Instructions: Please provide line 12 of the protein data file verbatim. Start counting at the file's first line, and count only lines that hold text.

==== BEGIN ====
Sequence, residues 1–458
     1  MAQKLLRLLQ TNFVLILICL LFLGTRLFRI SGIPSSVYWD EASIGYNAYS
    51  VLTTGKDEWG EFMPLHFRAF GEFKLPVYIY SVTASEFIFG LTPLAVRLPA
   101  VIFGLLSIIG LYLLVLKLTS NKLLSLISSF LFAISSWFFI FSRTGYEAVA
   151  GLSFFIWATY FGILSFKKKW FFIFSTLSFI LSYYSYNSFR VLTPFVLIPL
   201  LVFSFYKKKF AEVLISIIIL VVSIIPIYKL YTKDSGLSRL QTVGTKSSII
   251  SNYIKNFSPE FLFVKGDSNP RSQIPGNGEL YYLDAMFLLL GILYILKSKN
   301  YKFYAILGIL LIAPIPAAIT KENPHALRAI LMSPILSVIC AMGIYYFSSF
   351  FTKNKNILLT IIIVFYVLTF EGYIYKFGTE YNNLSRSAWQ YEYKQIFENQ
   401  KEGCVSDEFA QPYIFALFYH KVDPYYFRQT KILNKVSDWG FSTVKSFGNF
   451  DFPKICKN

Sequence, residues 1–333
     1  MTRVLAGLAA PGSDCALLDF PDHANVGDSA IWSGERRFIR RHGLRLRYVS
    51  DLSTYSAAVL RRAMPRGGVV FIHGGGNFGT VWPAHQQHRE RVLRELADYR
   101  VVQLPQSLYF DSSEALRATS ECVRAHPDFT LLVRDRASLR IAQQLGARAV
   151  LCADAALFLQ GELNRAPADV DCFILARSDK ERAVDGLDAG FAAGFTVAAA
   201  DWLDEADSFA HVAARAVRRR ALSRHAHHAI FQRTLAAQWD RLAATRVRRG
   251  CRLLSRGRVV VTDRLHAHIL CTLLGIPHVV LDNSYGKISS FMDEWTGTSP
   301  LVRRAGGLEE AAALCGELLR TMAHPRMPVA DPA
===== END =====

Sequence, residues 1–333